Diagrams illustrate
the difference
between the Sachs
iso-stress assumption
of single slip in each
grain (a, c and e)
versus the Taylor
assumption of isostrain with multiple
slip in each grain (b,
Sachs versus Taylor: 3
Single versus Multiple Slip
External Stress
External Strain
Increasing strain
Small arrows
indicate variable
stress state in
each grain
Small arrows
indicate identical
stress state in
each grain
Multiple slip (with 5
or more systems) in
each grain satisfies
the externally
imposed strain, D
Each grain deforms
according to which
single slip system is
active (based on
Schmid factor)
s g˙
= =
t e˙ cos l cos f
D = ET d
D = e˙0 å
m :s
t (s)
c n
m(s) sgn( m(s) : s c )
Taylor model: uniform strain
An essential assumption of the Taylor model is that each
grain conforms to the macroscopic strain imposed on the
Example of Slip Lines at Surface
(plane strain stretched Al 6022)
T-Sample at 15% strain
PD // TD
Note how each grain
exhibits varying degrees
of slip line markings.
Although any given
grain has one dominant
slip line (trace of a slip
plane), more than one is
generally present.
Taken from PhD
research of Yoon-Suk
Choi on surface
roughness development
in Al 6022
Notation: 1
Strain, local: Elocal; global: Eglobal
Slip direction (unit vector): b or s
Slip plane (unit) normal: n
Slip, or Schmid tensor, mij = binj =Pij
Stress (tensor or vector): s
Shear stress (usually on a slip system): t
Shear strain (usually on a slip system): 
Stress deviator (tensor): S
Rate sensitivity exponent: n
Slip system index: s or 
Note that when an index (e.g. of a Slip system, b(s)n(s)) is enclosed
in parentheses, it means that the summation convention does not
apply even if the index is repeated in the equation.
Notation: 2
Coordinates: current: x; reference X
Velocity of a point: v.
Displacement: u
Hardening coefficient: h (ds h d
Strain, e
Work increment: dW
measures the change in shape
do not confuse with lattice spin!
Infinitesimal rotation tensor: W
Elastic Stiffness Tensor (4th rank): C
Load, e.g. on a tensile sample: P
do not confuse with slip tensor!
Notation: 3
Plastic spin: W
 measures
the rotation rate; more than one
kind of spin is used:
 “Rigid body” spin of the whole polycrystal:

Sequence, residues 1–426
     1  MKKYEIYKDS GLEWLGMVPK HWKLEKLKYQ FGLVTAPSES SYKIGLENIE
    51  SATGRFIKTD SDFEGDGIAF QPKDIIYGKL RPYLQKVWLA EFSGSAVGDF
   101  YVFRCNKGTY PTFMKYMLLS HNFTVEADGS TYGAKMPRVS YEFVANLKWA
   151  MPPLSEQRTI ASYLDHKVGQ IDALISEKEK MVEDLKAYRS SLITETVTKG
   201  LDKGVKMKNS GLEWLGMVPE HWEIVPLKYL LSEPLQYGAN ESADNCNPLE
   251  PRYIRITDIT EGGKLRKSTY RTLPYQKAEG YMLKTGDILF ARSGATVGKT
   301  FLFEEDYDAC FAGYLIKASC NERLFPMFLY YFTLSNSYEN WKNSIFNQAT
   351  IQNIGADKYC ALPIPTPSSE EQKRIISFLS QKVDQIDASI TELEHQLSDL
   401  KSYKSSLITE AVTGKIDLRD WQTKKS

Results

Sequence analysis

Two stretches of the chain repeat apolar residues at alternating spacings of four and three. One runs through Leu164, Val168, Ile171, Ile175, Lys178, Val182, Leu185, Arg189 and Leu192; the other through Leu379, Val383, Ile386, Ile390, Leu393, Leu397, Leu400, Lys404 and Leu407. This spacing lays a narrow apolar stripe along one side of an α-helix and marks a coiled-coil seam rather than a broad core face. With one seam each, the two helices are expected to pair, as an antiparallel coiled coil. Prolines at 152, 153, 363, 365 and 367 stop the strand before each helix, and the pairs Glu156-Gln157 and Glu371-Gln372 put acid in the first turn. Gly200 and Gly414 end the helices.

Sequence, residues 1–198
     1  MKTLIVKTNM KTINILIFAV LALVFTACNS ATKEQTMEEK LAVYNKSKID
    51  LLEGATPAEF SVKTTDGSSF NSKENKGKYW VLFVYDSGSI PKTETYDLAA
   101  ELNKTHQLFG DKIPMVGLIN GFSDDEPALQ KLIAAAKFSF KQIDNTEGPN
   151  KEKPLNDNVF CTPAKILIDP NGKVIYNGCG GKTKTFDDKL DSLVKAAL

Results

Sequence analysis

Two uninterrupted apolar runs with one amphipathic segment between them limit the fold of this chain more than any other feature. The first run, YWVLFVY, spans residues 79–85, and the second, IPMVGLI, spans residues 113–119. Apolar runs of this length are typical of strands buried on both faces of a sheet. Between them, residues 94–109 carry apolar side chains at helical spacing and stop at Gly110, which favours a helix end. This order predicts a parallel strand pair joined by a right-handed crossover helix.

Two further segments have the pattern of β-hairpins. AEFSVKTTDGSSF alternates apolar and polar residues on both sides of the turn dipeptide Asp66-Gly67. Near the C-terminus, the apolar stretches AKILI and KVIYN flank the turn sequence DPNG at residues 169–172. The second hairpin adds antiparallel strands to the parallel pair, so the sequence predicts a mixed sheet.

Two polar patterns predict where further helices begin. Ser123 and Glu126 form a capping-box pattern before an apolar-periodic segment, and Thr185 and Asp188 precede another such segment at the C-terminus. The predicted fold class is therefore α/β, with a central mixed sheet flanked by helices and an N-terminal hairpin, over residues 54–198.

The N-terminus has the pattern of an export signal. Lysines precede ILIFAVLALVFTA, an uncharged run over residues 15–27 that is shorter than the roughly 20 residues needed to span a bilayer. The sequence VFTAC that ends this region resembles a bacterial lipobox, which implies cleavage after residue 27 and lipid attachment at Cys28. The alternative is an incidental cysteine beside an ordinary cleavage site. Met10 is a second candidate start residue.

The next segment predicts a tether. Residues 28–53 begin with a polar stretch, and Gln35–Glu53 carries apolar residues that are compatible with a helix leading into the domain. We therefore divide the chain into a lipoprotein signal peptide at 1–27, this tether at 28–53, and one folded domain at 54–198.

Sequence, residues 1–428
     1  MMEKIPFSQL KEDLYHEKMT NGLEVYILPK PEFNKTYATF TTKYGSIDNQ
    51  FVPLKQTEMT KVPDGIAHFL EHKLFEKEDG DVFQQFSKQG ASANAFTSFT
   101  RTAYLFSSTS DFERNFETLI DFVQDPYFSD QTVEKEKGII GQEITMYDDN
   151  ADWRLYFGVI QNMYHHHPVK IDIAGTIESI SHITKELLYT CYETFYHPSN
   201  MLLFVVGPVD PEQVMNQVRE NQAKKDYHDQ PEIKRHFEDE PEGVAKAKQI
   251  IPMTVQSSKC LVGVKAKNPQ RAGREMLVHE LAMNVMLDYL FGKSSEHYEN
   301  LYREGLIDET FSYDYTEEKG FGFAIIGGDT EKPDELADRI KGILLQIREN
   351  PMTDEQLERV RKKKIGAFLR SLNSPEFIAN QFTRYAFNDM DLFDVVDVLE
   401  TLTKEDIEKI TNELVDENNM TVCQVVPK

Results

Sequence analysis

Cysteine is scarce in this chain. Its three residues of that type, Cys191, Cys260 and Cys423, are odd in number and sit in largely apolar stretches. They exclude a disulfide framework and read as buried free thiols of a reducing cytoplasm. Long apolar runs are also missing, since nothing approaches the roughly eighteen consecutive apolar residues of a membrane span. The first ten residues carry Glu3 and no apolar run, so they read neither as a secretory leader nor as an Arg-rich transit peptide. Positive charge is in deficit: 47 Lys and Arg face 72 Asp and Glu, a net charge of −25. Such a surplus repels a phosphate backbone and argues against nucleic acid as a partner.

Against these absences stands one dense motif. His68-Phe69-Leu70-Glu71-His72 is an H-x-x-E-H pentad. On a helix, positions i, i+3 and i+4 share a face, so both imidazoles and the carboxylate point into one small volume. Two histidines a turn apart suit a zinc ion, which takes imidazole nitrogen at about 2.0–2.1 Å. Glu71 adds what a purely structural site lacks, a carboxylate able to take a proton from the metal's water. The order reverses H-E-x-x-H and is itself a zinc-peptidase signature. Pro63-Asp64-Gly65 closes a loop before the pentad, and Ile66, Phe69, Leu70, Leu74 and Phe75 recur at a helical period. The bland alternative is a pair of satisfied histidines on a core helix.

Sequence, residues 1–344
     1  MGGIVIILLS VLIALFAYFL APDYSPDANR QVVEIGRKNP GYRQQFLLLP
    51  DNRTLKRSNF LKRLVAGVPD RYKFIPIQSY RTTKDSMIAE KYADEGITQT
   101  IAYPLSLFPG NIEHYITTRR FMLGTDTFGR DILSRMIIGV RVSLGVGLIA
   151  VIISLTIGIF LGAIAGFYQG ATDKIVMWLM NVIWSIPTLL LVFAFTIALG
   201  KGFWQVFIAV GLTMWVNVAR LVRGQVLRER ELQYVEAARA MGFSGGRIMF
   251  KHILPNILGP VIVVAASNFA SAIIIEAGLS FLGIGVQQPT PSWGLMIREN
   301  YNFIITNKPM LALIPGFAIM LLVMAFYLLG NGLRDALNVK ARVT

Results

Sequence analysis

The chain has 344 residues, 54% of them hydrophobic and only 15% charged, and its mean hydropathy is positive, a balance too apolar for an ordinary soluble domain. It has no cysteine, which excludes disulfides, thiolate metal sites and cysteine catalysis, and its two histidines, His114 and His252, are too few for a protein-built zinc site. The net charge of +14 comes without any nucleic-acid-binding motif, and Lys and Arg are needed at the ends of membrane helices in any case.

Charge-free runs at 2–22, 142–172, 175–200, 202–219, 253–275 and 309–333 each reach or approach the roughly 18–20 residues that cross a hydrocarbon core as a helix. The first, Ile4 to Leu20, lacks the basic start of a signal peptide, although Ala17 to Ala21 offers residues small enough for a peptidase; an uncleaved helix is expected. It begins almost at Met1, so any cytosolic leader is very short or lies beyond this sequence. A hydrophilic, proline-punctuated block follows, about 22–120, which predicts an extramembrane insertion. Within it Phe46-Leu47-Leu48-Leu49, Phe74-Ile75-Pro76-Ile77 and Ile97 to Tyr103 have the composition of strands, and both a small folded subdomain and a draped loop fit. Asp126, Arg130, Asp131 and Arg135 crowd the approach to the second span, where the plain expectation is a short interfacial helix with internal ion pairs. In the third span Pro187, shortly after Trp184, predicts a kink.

 “grain spin” of the grain axes (e.g. in
torsion): Wg
 “lattice spin” from slip/twinning (skew
symmetric part of the strain): Wc.
Rotation (small): w
Notation: 4
Deformation gradient: F
Fij =
¶x i
¶X j
 Measures
the total change in shape
(rotations included).
Velocity gradient: L
 Tensor,
measures the rate of change of the
deformation gradient
Time: t
Slip geometry matrix: E (do not confuse with strain)
Strain rate: D
 symmetric
tensor; D = symm(L)
Schmid / Sachs / Single Slip
Schmid Law
 Initial yield stress varies from sample to sample depending on, among
several factors, the relation between the crystal lattice to the loading
axis (i.e. orientation, written as g).
 The applied stress resolved along the slip direction on the slip plane
(to give a shear stress) initiates and controls the extent of plastic
 Yield begins on a given slip system when the shear stress on this
system reaches a critical value, called the critical resolved shear stress
(crss), independent of the tensile stress or any other normal stress on
the lattice plane (in less symmetric lattices, however, there may be some
dependence on the hydrostatic stress).
 The magnitude of the yield stress depends on the density and
arrangement of obstacles to dislocation flow, such as precipitates (not
discussed here).
Minimum Work, Single Slip (Sachs)
Under stress boundary conditions, single slip occurs
Uniaxial Tension or Compression
(where “m” is the slip tensor):
The (dislocation) slip is given by
(where “m” is the Schmid factor):
cos l cos f m
= b,
or, s
P is a unit vector in the
loading direction
This slide, and the next one, are a re-cap of the lecture
on single slip
Minimum Work, Single Slip
Applying the Minimum Work Principle, it follows that
s g˙
= =
t e˙ cos l cos f m
t (g ) t (e m)
Note: t(describes the dependence of the critical resolved shear
stress (crss) on strain (or slip curve), based on the idea that the
crss increases with increasing strain. The Schmid factor, m, has a
maximum value of 0.5 (both angles = 45°).
Dislocations, Slip Systems,
Dislocations and Plastic Flow
 At room temperature the dominant mechanism of plastic deformation
is dislocation motion through the crystal lattice.
 Dislocation glide occurs on certain crystal planes (slip planes) in
certain crystallographic directions (// Burgers vector).
 A slip system is a combination of a slip direction and slip plane
 A second-rank tensor (mij = binj ) can associated with each slip
system, formed from the outer product of slip direction and normal. The
resolved shear stress on a slip system is then given by the inner
product of the Schmid and the stress tensors: t mij sij.
 The crystal structure of metals is not altered by the plastic flow